Valcourt to chiefs: drop threats on economy
By Steve Rennie, The Canadian Press
OTTAWA - The federal government is refusing to meet with a group of "rogue chiefs" from within the stricken Assembly of First Nations until they withdraw their threat to cripple the Canadian economy.
Aboriginal Affairs Minister Bernard Valcourt said Thursday he won't talk to representatives from the Confederacy of Nations — a group of chiefs from across the country who meet in times of crisis, or in between the assembly's scheduled gatherings — until they retract their threat.
"I think that members of the House would agree that we should ... condemn in the strongest terms the threat of those rogue chiefs who are threatening the security of Canadians, their families and taxpayers," Valcourt said during question period.
"I will meet with these people when they unequivocally withdraw their threat to the security of Canadian families, taxpayers and citizens."
The assembly's charter says one of the many reasons the confederacy exists is to "address any emergency in matters of a fundamental nature affecting one or more First Nations."
However, until this week, the governing body had been dormant for a decade.
It was revived when Shawn Atleo abruptly quit as national chief of the assembly after he lost the support of regional chiefs and faced the humiliating prospect of a vote to relieve him of his duties.
The chiefs are in Ottawa this week to discuss the Conservative government's proposed changes to First Nations education.
The education bill has proved deeply polarizing among First Nations. Some say it would relinquish too much control over their children's schooling to Ottawa, while others say it would provide a huge injection of sorely needed money into aboriginal education.
Atleo, who supported the Conservative bill, said he was stepping down to avoid becoming a "lightning rod" in the debate.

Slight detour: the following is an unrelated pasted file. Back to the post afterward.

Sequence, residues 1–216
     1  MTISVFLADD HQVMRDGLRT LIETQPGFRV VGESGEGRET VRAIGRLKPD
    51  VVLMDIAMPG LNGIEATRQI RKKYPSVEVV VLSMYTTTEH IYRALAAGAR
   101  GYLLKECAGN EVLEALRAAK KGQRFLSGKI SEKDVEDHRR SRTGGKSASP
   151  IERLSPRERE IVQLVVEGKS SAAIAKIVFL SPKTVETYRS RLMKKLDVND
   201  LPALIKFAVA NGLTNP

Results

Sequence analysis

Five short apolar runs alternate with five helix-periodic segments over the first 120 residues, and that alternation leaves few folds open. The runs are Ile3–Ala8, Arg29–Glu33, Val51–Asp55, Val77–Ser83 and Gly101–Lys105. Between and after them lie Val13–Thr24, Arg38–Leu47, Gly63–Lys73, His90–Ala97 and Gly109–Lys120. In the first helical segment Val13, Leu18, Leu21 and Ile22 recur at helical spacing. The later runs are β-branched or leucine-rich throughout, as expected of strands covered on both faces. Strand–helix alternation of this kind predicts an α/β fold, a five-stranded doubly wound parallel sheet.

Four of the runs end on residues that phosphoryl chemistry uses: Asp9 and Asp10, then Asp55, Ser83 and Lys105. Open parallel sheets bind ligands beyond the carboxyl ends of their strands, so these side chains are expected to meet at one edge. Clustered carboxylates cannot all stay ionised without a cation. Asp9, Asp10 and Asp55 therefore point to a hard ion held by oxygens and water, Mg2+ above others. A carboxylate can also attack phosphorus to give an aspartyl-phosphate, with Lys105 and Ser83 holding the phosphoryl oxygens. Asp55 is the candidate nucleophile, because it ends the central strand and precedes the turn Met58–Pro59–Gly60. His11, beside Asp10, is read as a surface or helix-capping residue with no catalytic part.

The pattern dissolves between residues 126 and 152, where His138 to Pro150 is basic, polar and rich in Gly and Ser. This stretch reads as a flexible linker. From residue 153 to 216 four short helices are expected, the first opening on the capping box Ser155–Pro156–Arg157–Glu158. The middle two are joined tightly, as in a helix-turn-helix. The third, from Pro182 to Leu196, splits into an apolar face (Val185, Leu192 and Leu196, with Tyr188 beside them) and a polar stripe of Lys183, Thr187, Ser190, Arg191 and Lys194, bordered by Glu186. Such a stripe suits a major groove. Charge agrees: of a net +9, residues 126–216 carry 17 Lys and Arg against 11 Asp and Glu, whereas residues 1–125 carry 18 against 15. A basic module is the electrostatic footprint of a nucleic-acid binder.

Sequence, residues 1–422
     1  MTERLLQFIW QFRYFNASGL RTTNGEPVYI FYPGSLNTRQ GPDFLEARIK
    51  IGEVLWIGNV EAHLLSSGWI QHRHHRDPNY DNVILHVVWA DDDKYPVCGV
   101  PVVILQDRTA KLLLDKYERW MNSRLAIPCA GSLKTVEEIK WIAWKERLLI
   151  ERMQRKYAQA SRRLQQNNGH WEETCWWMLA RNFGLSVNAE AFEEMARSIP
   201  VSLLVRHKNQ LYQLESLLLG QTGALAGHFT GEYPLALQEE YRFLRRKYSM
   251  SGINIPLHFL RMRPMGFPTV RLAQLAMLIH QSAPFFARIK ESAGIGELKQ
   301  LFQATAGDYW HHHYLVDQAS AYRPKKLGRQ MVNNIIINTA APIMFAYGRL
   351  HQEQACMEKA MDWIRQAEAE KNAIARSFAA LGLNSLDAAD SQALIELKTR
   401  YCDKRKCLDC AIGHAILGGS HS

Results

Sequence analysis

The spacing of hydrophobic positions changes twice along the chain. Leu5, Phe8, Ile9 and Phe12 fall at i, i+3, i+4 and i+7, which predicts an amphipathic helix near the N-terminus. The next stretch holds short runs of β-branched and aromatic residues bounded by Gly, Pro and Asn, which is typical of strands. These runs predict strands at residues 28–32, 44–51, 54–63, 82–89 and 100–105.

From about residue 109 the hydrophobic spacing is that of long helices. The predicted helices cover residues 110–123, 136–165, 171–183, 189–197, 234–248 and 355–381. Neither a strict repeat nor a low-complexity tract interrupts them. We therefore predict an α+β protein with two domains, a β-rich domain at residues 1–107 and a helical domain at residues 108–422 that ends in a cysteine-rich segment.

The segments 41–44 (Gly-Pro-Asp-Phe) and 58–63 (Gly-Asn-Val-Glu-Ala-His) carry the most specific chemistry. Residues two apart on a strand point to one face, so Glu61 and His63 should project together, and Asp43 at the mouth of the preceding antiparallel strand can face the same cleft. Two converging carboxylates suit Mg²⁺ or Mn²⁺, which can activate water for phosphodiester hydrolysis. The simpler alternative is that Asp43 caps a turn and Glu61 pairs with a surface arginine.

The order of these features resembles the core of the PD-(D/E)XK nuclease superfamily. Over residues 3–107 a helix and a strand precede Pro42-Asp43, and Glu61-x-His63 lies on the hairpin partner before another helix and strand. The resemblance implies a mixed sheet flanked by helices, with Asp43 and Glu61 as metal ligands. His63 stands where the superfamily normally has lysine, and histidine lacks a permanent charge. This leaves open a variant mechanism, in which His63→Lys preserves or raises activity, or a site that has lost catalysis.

Valcourt has put a halt to the reforms until the AFN clarifies its position.
One of the confederacy's biggest concerns is a perceived lack of consultation between the Conservatives and First Nations on the education bill and other pieces of legislation.
The Aboriginal Peoples Television Network is reporting the confederacy wants the Tories to drop "all imposed legislation on First Nations without free, prior and informed consent" — or else.
"We will strategically and calculatedly begin the economic shutdown of Canada's economy from coast to coast," says a draft statement obtained by the network.
"First Nations will determine whether or not there is intentional economic for the economic development on Turtle Island."
Turtle Island is a term used by some First Nations to refer to North America.
But Valcourt questioned whether the confederacy really speaks for most First Nations.
"I do not believe that these chiefs represent the majority of the chiefs and councils throughout Canada, who I know and have met many times, who care about reconciliation, their children and their children's educations," he said.
"I do not think that this group is representative of the majority of first nations and I trust that the good, hard-working chiefs will speak up."
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